ANTIFA


Antifa appears to be a cult that sucks in the biologically/mentally/sexually deranged ("mattoids") and through mind-altering techniques formats them into a violent 21st-century brand of shock troops. It may be steered from way far behind, but it is steered. It is a plotted thing.

Just this week I saw a pack of them in my neighborhood QFC market, dark-clothed and carrying dark backpacks, stocking up on drinks and snacks before hitting downtown Seattle. They appeared small, scrawny (dumbed down females, for the most part), small in personalities too. They moved between the aisles stilly like snakes in grass.

Their particular kind of violence, best described as thug-violence (sucker-punching, wolfpack attacks, no "honor," "fairness," "respect" for women, even children), has been an essential trait of their public activity. They have been stripped of the conventional morality and ethics, and it can be assumed that the violent part has been deliberately designed to put fear into the common White folks, so they would not easily integrate into meaningful street movements.

Such street outbreaks seem to become the next phase for the ethnic Europeans worldwide (e.g. "yellow jackets" in France) since "democracy" doesn't work anymore. Behold the attacks on the Million MAGA March folks in Washington, D.C. on November 14, 2020. When the crowd began dispersing and the prospective victims could be approached as isolated groups of few individuals, they were viciously physically mangled. They will "remember" it's not a walk in the park.

Antifa's unleashed rage-dogs arrested for violence in Portland, OR:

Did Margaret Sanger Like Flowers?


Nancy, a single woman, as they call the spinsters in our easy day. Trimming a lilac hedge for Nancy. Some kitchen woodwork next, if this goes well.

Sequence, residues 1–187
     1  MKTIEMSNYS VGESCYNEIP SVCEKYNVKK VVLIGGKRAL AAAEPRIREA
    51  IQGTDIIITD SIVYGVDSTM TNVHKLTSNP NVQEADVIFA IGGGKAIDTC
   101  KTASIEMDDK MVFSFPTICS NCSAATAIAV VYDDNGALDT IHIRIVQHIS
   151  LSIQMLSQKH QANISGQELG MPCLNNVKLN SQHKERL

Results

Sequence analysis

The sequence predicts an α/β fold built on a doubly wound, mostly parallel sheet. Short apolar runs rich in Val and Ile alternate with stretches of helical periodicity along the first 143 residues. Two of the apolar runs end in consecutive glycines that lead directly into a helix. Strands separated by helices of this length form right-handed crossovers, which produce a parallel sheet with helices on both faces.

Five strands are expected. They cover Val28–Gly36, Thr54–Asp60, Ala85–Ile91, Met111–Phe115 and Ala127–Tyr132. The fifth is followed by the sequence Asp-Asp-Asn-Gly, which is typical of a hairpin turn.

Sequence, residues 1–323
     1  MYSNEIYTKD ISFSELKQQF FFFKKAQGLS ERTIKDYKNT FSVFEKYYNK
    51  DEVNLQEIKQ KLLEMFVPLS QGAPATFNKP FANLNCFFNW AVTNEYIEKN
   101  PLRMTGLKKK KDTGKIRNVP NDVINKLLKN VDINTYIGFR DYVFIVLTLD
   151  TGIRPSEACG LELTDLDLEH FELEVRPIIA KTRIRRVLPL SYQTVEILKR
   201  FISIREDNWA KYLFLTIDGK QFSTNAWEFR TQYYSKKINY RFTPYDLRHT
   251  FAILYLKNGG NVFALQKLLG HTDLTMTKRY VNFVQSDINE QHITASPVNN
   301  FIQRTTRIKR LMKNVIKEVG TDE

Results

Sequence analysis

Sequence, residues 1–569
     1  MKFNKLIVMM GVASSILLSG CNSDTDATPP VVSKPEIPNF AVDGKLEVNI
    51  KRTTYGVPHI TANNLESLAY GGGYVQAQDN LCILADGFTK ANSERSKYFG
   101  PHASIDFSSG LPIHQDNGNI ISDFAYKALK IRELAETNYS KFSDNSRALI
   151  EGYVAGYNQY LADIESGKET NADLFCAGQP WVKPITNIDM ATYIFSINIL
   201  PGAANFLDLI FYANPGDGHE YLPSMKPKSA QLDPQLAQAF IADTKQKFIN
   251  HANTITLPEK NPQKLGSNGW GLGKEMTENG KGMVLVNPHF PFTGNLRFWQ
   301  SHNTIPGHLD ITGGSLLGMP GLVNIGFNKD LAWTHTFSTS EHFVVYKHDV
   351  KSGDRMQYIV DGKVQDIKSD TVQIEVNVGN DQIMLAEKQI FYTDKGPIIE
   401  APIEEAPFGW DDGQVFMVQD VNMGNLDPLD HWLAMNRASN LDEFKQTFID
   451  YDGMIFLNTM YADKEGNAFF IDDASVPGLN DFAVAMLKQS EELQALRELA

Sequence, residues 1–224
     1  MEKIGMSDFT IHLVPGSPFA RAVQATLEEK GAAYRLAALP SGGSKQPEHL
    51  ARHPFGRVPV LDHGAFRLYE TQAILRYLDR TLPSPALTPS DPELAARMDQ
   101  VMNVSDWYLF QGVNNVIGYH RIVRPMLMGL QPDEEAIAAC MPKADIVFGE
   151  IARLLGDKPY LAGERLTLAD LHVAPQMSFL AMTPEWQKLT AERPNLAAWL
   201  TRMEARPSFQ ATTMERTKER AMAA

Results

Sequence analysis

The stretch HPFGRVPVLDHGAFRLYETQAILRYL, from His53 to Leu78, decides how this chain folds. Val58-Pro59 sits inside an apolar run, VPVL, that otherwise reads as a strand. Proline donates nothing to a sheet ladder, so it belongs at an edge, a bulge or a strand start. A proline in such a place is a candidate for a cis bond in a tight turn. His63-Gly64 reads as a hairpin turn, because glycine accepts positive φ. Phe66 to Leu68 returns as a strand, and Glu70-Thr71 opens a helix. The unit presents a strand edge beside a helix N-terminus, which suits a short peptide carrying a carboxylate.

Something burnt out about Nancy. A divorce, maybe. A weak spot for strong male egos, perhaps. A couple of those and gone is most of the best a woman comes with. And Nashville overflows with that genus.

She returned to her hometown two years back, having spent in Nashville her young woman’s prime. She was trying there for a vocal break. It didn’t come. She stayed on as a backup bird. She doesn’t talk about it, just drops a word or two. But that’s what I figure happened to Nancy. In Nashville, Tennessee.

Back home she found a job at Planned Parenthood. She doesn’t seem to count for much there, an errand girl. Not easy finding work in a small town.

The kitchen woodwork done, she brings up PP, would I fix for that outfit. A cautious proposal. Well, it’s PP, terminating pregnancies. Scraping life.

DISGUSTING (right on, JW)

The truth goes places


 

Compare with


And now with


The speech Polish Prime Minister Beata Szydło
gave
in the Polish Parliament on May 24, 2017. In
December 2017 in a shady political reshuffle and
in a humiliating fashion a beloved of the “flyover
Poland" Lady Prime Minister was removed from
the top office.


The Third Rail

a chapter from Seattle

Heyward Studio
My first piece in English was a novella about my childhood town. I wrote it in 1990, seven years after I had hit America. It got me invited to the MacDowell Colony in Peterborough, New Hampshire, for a writer residency.
Thornton Wilder wrote Our Town at MacDowell. I was now walking the streets of Grover’s Corners of the play. I first saw Our Town on a Commie TV as a teen and never again, but I was easily replaying now from the memory the chirping of the kids in the play, the concerned voices of the parents, the politeness of the neighbors, the eerie life-longings of the denouement. After watching it just once at the early stage in life, this wholesome-as-much-as-life-affords-wholesome world had gotten imprinted in me like a prayer. A variation of a call to go.

Childhood

a chapter from Americaa

The Ellwoods are fourth-generation ranchers. Roger, Connie, four kids. On Sundays, we all drive to church in town. That’s where I met them when the Outlaw Inn receptionist and her family took me along the first time. I got a gig on the Ellwoods’ ranch now, and rent a cabin for 20 bucks a month.

An intriguing li’l faith tribe these kindly folks are. When we take meals or chat on the porch or wherever we happen to have bunched, there’s typically a lot of laughter. A special kind of laughter, triggered not so much by looking at things in an off-the-wall way, but flowing out of a steady gladness of being. One reason is, I figure, that they don’t watch TV, don’t listen to the radio, don’t go to the movies, even the local paper they buy only on the weekends and mainly for the local news. They even remove the radios and the antennas, and the ashtrays of course, from their cars.

“Gimmie the pliers,” I bid them, “I’ll do the same in my buggy!”

They laugh.